Matt Heinz, CEO of Heinz Marketing: Revenue Responsible Marketing
Matt Heinz is the Founder and President of Heinz Marketing, a B2B sales and marketing agency that helps businesses achieve sustained sales success by growing revenue from existing customers and cost-effectively identifying and winning new customers. He has 20 years of marketing, business development, and sales experience from different organizations, vertical industries, and company sizes. Matt has been recognized repeatedly as one of the Top 50 Influential People in Sales Lead Management and a Top 50 Sales & Marketing Influencer. He is also the host of Sales Pipeline Radio and the author of Full Funnel Marketing.
Welcome to The Future Is Borderless podcast with David Nilssen, we feature top entrepreneurs and thought leaders from around the world, those who bring a global mindset and a unique perspective to their life and business. Now, let’s get started with the show.
David Nilssen 0:23
Hey, this is David Nilssen here I am the host of this podcast. On The Future Is Borderless, we connect with business leaders from around the world who have what I like to refer to as a borderless mindset. And the purpose of this is to share ideas and innovations, best practices that will just help us continue to grow both personally professionally, and allow us to continue to evolve in a rapidly changing world. Now, this episode is brought to you by Doxa Talent. Doxa helps businesses to source full time highly skilled workers from all over the world. And as a result, these companies can scale faster increase margin and proof culture. And they provide everything from accountants, sales, development reps, virtual assistants, and even software engineers to publicly traded companies and local small businesses. If you want to learn how to grow your business with offshore professionals simply visit doxatalent.com. All right, well, I’m excited for today’s show because we’re going to talk about something that I think is very important to every business owner and something that we all need and love, and that’s revenue. Our guest today is Matt Heinz. He’s the president founder of Heinz Marketing. And he brings about 20 years of marketing and business development, and even sales experience from a variety of organizations and industries. Matt is an author of many books, including Full Funnel Marketing, excuse me, and regularly speaks at national stages, such as Salesforce is Dreamforce, and the Marketo User Summit. When you see him, which I have, Matt is memorable, not only because of the content and humor that he sort of provides from the stage, but also the actionable and even motivating takeaways. And Matt also is the host of the Sales Pipeline Radio, which is a weekly show that sort of highlights best practices and actionable insights for sales and marketing pros. So I’m going to do my best to actually control the conversation and not let him take over since he’s used to being in this seat. But Matt, welcome to the show.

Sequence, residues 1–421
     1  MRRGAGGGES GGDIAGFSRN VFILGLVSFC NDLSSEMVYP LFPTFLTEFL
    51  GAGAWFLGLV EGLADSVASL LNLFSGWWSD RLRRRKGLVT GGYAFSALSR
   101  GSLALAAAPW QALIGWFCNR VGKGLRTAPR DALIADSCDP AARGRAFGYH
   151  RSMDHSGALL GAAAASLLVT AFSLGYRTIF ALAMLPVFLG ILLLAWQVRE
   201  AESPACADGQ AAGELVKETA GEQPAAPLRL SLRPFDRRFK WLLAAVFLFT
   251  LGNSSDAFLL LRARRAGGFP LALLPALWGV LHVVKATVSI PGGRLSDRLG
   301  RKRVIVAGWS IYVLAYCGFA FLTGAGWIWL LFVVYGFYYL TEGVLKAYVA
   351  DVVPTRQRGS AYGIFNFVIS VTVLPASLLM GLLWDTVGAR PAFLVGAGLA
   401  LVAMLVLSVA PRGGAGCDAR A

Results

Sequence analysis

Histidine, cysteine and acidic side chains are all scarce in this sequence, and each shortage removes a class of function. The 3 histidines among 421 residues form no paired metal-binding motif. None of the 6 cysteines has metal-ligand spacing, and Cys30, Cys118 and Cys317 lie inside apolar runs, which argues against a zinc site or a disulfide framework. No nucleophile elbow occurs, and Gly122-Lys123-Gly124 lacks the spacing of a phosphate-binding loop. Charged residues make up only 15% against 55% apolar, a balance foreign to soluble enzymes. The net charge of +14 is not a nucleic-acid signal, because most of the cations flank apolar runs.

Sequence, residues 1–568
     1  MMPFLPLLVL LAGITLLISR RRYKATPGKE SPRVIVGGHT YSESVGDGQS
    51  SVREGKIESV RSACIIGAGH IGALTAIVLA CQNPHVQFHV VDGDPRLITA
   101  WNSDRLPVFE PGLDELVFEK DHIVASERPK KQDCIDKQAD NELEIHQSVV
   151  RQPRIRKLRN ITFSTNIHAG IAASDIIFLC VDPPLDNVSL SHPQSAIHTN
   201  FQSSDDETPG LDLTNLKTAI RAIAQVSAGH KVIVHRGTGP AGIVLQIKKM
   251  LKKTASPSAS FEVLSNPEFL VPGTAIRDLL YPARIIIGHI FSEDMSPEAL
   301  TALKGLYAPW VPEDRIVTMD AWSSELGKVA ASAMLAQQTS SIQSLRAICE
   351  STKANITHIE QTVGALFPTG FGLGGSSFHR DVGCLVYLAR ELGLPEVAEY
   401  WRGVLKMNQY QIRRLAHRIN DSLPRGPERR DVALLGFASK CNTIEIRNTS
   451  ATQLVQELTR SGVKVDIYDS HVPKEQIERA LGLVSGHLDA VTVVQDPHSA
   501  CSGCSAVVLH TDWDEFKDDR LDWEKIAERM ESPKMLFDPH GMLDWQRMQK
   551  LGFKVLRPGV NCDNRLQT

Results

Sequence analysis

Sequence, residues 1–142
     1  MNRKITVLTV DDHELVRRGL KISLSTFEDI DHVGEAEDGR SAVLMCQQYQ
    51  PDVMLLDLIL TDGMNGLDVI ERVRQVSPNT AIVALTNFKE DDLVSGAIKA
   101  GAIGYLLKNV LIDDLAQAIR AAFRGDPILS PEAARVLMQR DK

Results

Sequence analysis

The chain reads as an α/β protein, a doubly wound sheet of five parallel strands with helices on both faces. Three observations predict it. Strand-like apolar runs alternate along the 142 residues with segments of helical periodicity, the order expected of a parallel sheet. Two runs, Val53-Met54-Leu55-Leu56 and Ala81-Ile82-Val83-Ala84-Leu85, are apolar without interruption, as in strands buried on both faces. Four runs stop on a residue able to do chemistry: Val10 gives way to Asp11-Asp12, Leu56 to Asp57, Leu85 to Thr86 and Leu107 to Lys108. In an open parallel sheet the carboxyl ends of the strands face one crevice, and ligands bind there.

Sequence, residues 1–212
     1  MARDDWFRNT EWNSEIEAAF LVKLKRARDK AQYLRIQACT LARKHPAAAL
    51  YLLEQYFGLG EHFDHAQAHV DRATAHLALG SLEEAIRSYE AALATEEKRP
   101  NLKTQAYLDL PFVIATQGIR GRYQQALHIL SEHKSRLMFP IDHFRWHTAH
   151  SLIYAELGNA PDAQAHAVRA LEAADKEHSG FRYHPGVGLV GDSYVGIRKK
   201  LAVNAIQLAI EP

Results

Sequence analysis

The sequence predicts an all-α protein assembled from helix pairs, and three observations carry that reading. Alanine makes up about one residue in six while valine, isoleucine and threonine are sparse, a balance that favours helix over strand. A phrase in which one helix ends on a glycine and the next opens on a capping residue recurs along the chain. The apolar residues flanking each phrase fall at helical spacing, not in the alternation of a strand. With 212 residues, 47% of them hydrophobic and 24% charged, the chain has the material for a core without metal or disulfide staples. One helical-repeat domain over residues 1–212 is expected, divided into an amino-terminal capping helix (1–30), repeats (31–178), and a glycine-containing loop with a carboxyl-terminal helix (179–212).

Matt Heinz 2:14
Thank you so much. Pleasure to be here.
David Nilssen 2:15
Yeah, it’s going to be fun. And you’re a Seattle guy. So Go Huskies. Yeah. And as I understand it, you started your career at Microsoft. But it’s funny, like, I’ve actually known Matt, for a little while, but I don’t know the backstory of Heinz Marketing, and how that sort of came about and what your vision is for the company. So I wonder if we can maybe start there.